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Asia voices its support

By Andrew Demaria

HONG KONG, China (CNN) -- Leaders from Japan, China, India, South Korea, Australia, New Zealand, the Philippines and Taiwan have expressed their support for the U.S.-led strikes against targets in Afghanistan.

While most Asian nations were swift to approve the U.S.-led strikes against targets in Afghanistan, there was fear of a backlash in some countries, particularly Indonesia, Malaysia and Pakistan, with predominantly Muslim populations.

In Indonesia, security around the U.S. Embassy in Jakarta was on alert following a call from radical Islamic group, the Islamic Defenders Front (FPI), for all Muslims to besiege the complex later Monday.

The group gave President Megawati Sukarnoputri a three-day deadline to cut diplomatic ties with the United States otherwise it would begin to hunt and forcibly evict foreigners and target U.S. facilities.

Early Monday, the situation in Jakarta was calm and businesses were operating as usual.

International schools were closed and the U.S., British and Australian embassies told their nationals to remain at home until more certain security assessments had been made.

Malaysia, another mostly Muslim nation, decried the attacks, with Prime Minister Mahathir Mohamad saying civilians would be killed.

"Conventional war cannot overcome terrorism and defeat terrorists, it can only result in innocent people becoming victims," Mahathir said during the opening of Monday's parliament.

"The terrorists may get away. Even if they are killed or captured, so long as there are still terrorists around, there's no guarantee that others will not terrorize."

Regional support

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Support for the attacks was found elsewhere in the region.

Japanese Prime Minister Junichiro Koizumi pledged to cooperate with the U.S. in the fight against terrorism.

"Our country strongly supports these actions to combat terrorism," Koizumi told reporters at an emergency news conference early Monday.

Koizumi has repeatedly said Japan would offer logistical support to any U.S.-led military campaign and introduced bills into parliament last week to allow its military to guard U.S. bases and also provide logistical support.

His government is also stepping up security at key sites such as U.S. military bases.

Meanwhile, China gave a cautious endorsement to the military strikes and hoped peace would be resumed "as soon as possible".

A foreign ministry spokesman said the Chinese government "opposes terrorism of any form and supports actions to combat terrorism" but has repeatedly said that any action should be taken according to U.N. resolutions.

CNN's Senior China Analyst Willy Lam reports that diplomatic sources in the Chinese capital said Beijing were also anxious that the forces of the U.S. and its allies leave the area as soon as the terrorist cells had been damaged and rooted out.

Indian backing

In India, a spokesman for Prime Minister Atal Behari Vajpayee said the military strikes had India's backing.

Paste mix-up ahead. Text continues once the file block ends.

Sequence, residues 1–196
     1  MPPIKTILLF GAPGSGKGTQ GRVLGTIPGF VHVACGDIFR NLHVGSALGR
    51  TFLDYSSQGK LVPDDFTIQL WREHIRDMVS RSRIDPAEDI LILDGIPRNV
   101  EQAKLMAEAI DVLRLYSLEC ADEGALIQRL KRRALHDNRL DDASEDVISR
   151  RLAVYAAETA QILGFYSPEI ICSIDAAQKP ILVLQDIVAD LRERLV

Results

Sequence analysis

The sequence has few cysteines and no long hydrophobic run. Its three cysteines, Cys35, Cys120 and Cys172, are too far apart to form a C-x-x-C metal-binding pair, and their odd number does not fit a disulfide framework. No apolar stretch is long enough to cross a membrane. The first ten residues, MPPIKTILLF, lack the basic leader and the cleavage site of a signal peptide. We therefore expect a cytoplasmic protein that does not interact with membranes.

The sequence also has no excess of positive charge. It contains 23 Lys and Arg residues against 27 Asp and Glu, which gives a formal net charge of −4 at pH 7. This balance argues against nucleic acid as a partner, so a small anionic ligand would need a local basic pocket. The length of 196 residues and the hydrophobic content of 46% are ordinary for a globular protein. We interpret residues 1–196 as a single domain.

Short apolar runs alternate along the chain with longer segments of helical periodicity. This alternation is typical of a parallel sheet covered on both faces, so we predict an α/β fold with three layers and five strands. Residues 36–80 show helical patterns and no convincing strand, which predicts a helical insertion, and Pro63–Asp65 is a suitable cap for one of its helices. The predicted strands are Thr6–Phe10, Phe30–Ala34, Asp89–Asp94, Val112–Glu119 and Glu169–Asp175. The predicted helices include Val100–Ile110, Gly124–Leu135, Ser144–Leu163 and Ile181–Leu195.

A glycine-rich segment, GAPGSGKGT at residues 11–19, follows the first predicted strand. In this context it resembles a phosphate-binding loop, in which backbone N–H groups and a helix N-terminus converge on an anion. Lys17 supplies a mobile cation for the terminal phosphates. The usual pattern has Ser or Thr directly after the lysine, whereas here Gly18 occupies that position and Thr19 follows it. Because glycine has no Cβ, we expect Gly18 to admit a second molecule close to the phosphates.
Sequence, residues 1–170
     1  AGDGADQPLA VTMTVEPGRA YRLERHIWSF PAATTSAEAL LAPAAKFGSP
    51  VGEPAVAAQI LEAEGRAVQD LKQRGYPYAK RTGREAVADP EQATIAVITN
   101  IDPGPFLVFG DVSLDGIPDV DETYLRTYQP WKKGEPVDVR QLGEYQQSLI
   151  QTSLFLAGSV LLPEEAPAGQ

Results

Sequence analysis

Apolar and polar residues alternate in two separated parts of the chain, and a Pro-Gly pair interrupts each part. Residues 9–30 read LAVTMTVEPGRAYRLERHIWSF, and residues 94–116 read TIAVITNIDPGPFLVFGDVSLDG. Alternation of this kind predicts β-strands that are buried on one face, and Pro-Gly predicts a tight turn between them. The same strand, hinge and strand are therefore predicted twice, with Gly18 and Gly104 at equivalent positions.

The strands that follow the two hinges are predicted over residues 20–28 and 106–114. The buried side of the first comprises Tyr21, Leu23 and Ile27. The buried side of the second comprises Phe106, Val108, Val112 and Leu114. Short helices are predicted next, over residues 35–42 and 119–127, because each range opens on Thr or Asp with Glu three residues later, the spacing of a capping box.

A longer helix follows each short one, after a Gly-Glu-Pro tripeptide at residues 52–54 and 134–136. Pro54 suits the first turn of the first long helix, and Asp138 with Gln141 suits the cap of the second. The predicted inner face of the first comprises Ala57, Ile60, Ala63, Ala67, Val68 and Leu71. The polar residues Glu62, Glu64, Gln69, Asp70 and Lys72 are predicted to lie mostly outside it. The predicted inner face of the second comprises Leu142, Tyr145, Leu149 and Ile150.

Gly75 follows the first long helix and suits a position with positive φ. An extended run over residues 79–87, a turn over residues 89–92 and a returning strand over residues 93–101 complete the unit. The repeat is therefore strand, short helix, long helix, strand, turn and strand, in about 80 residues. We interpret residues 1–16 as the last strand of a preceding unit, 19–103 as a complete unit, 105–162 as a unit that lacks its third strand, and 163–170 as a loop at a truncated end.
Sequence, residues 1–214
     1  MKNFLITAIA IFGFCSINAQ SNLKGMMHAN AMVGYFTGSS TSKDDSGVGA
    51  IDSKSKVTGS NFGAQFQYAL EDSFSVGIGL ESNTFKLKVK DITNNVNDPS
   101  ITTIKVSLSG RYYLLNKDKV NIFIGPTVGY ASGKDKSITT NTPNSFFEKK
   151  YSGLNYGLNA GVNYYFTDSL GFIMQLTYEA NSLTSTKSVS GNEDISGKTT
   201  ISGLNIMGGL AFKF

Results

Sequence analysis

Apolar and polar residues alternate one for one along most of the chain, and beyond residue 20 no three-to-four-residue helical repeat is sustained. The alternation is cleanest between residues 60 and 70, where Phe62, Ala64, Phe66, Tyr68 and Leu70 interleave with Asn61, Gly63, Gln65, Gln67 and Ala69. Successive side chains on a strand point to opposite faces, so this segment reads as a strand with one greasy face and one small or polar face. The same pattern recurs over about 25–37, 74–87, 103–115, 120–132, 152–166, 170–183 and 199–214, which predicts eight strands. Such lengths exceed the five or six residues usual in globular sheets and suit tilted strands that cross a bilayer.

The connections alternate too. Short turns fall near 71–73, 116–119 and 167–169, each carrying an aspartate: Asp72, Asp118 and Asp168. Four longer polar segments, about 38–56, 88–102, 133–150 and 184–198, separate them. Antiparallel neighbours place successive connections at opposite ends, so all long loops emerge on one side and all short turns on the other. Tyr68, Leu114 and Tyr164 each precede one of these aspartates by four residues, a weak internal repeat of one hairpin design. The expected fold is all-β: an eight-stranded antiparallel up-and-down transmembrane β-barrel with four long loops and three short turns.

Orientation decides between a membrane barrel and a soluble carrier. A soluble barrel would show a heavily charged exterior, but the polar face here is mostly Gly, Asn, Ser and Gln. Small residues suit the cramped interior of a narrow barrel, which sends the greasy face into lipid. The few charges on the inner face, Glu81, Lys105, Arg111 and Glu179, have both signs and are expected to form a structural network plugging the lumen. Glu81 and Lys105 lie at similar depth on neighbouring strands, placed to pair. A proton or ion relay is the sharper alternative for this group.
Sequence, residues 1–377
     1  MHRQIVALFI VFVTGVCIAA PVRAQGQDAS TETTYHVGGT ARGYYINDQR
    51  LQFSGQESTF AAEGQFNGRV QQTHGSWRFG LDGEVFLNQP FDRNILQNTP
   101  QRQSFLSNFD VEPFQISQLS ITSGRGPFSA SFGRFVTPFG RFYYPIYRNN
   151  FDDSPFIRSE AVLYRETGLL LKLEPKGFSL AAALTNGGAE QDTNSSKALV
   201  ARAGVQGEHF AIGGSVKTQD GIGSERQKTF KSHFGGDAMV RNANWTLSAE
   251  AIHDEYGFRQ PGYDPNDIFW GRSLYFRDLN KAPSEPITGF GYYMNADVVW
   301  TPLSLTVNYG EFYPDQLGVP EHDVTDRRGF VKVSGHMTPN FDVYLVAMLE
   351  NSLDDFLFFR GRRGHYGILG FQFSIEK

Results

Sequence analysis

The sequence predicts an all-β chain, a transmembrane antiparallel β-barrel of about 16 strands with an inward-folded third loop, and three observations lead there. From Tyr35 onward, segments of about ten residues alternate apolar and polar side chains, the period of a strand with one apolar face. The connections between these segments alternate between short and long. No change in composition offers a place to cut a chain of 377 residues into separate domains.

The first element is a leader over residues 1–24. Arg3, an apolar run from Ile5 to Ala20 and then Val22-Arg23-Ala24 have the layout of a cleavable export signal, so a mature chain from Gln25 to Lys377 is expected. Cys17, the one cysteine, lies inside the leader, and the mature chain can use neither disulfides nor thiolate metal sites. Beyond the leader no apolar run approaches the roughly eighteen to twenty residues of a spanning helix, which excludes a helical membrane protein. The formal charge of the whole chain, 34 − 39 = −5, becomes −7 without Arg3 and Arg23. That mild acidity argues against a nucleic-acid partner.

The spokesman said Bush had called Vajpayee on Sunday about the decision to launch the strikes.

"He [Bush] said the United States condemns terrorism wherever it occurs as terrorism is terrorism and the fight against it would not be limited to a particular region," Reuters news agency quoted the spokesman as saying.

"He also assured the [militant group] Jaish-e-Mohammad would very soon be included in the U.S. list of terrorist groups."

Jaish-e-Mohammad were originally blamed for a suicide bombing in Indian controlled Kashmir last week that killed at least 38, but the group has since denied involvement.

South Korea, Taiwan, New Zealand and the Philippines also lent their support for the attacks against Afghanistan.

Muslims make up about 5 percent of the Philippines' population and radical elements, like the Abu Sayyaf guerilla group, exist in the south of the nation. Some of these hard-line elements have links to the al Qaeda militant network and have declared their support to the Taliban.

Warning for Australia

In Australia, a peak Muslim organization condemned the attacks on Afghanistan, saying innocent lives would be lost and Australia was now in potential danger.

"Australia will also be targeted by the terrorists because of the fact that we have gone out blatantly with America in the manner that we have," chief executive officer of the Australian Federation of Islamic Councils, Amjad Mehboob, said in an Australian Broadcasting Corporation report.

Australian Prime Minister John Howard, in the middle of a federal election campaign, said the strikes on Afghanistan were "an understandable precursor" to other actions after the Taliban refused to hand over Osama bin Laden.

He added that Australian troops were not involved but said that he has offered a 150-man commando squadron from the Special Air Service, two Boeing 707 air refuelling aircraft, naval ships and two P-3 Orion surveillance aircraft to assist in any military action.

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